By Andrew Ardron on Fri 24 November 2017 in Web & eCommerce
In the consumer world, eCommerce is all around us; if we want to buy something, we can simply venture online and do so, anytime, anywhere...
As a service, it’s now completely immersed in our culture, embedded in our behaviours and driving our future expectations – but for the most part, it hasn’t yet extended to the realm of B2B. At a time when consumer expectations are being continuously redefined, it stands to reason that now is the time for that to change.
B2B customers may wear professional uniforms, but we’re all consumers underneath, and across the board we want quick, snappy purchases that fit in with our schedule – not a company’s opening hours. B2B customer decisions are just as much influenced by the ease of purchase, speed of delivery, and 24/7 availability of a multichannel offering; of course, the nature of your business is a key determinant as to whether eCommerce is the way to achieve this. If you’re an agency that sells a service, your clients are unlikely to close a deal via an online transaction; but if you’re a distributor of widgets, customers can base their purchasing decision on the constituents of price, availability and delivery – and eCommerce easily meets their needs.
Likewise, for businesses that don’t just sell widgets, but a hybrid of ‘goods’, combined with ‘explicit’ and ‘implicit services’, the need for a consultative sales and after-sales service shouldn’t close the door on the eCommerce opportunity. Exactly like the High Street, if a purchasing decision requires advice, consultation via traditional ‘people’ channels is still available. Even then, that dialogue can be strengthened by eCommerce, notably the visibility of previous online engagement that’s held within the system. And once a purchase is made, it forms the basis for future orders (such as repeat orders, spare parts and consumables) that can be quickly actioned via eCommerce mechanisms until a new consultation is required. This provides a better customer experience without sacrificing the personal service.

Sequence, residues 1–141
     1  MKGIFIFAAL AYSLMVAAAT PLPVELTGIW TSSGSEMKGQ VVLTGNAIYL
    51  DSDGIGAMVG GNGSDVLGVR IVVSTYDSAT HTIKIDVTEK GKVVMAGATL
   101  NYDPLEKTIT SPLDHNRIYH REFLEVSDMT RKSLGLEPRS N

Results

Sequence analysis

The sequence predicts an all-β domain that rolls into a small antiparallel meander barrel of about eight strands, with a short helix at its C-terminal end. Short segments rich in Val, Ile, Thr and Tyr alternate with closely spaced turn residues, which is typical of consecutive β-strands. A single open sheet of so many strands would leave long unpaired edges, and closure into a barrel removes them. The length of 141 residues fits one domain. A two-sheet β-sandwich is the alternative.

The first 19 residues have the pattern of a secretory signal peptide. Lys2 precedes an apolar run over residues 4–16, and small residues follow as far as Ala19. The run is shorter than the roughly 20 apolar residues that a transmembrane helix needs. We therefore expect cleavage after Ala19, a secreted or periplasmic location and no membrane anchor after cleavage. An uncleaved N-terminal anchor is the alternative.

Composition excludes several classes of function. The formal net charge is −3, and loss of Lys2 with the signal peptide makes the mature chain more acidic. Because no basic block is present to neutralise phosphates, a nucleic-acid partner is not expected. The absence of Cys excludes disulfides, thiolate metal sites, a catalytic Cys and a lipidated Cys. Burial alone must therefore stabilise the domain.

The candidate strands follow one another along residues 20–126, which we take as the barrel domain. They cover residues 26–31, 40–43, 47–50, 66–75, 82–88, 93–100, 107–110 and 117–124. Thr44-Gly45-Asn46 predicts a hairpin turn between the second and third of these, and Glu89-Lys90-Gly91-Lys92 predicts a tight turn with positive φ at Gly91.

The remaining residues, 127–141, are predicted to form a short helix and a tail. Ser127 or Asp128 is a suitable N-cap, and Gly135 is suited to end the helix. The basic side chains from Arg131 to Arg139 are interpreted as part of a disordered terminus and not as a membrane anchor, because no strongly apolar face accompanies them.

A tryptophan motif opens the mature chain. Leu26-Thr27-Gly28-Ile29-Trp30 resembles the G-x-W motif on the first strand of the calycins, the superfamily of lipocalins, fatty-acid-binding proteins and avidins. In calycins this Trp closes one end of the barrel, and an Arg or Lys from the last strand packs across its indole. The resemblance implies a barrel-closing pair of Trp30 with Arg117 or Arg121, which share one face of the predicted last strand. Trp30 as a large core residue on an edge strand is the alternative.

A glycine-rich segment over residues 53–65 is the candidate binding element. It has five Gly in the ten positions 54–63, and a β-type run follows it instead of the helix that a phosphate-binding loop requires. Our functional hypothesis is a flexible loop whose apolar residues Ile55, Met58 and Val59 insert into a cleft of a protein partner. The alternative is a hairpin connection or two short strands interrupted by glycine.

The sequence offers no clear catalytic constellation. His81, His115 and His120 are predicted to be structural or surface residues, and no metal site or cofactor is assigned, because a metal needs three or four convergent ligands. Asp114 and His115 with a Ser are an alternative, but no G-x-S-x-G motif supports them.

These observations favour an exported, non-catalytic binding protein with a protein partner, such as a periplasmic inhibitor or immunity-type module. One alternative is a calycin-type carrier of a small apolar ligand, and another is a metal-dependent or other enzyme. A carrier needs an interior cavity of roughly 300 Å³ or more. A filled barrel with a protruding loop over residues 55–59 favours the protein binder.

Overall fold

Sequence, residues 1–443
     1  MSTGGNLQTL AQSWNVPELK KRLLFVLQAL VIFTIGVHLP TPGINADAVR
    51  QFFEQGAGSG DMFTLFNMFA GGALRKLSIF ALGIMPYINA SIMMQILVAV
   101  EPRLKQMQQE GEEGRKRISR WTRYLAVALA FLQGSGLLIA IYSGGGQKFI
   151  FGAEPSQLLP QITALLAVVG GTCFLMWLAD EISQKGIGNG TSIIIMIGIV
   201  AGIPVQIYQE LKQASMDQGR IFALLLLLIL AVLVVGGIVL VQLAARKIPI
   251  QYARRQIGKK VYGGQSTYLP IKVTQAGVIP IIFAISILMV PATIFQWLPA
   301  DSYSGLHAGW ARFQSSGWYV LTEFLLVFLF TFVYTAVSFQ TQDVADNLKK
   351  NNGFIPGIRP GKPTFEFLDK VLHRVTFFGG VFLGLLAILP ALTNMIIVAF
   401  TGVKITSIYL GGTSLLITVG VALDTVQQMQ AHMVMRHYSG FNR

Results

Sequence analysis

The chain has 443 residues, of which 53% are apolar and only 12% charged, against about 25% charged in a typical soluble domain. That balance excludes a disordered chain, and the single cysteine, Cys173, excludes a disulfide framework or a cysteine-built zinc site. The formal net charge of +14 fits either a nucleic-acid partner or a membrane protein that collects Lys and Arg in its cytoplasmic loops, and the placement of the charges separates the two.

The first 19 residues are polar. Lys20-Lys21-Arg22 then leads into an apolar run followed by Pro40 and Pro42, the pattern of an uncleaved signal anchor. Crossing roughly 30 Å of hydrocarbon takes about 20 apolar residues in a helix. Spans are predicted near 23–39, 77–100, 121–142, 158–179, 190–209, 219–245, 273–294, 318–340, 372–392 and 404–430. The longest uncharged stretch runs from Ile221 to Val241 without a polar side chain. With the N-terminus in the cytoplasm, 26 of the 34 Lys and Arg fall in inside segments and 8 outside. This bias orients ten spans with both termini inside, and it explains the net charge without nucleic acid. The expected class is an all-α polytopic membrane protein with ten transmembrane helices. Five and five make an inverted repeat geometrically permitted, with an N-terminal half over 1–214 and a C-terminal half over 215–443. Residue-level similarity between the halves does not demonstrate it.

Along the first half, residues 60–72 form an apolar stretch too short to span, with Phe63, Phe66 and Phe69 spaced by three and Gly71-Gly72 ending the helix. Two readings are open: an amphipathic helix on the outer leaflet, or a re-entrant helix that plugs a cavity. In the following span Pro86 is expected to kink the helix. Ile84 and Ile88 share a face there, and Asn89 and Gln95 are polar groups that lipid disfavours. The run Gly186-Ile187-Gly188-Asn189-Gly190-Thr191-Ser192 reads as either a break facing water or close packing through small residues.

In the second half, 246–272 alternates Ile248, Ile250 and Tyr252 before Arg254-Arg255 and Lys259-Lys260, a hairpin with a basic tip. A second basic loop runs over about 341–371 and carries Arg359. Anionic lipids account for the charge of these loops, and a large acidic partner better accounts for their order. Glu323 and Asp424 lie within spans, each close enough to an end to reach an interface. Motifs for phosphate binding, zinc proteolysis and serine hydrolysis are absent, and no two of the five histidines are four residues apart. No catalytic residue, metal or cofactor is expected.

What’s more, this integrated eCommerce approach to B2B service goes beyond improving the customer experience – it can fuel business productivity and efficiency gains. For example, with the online channel taking care of product purchases, sales resources can be more effectively deployed; telesales executives can be trained to provide more consultative sales support, and field-based personnel can focus on business development rather than technical consultancy. The most effective solutions fully integrate with your CRM and ERP/accounting systems, essential for ensuring client records – detailing engagement across all channels – integrate with stock control, accounting and supply chain operations to guarantee seamless service.
So should your B2B organisation adopt eCommerce? One thing’s for sure: time is a precious commodity for all customers, regardless of whether they are purchasing within the realm of B2B or B2C. There’s a diminishing role for the traditional corner shop with the old-fashioned cash register and the ‘closed for lunch’ sign in the window. Businesses really do need to be open all hours.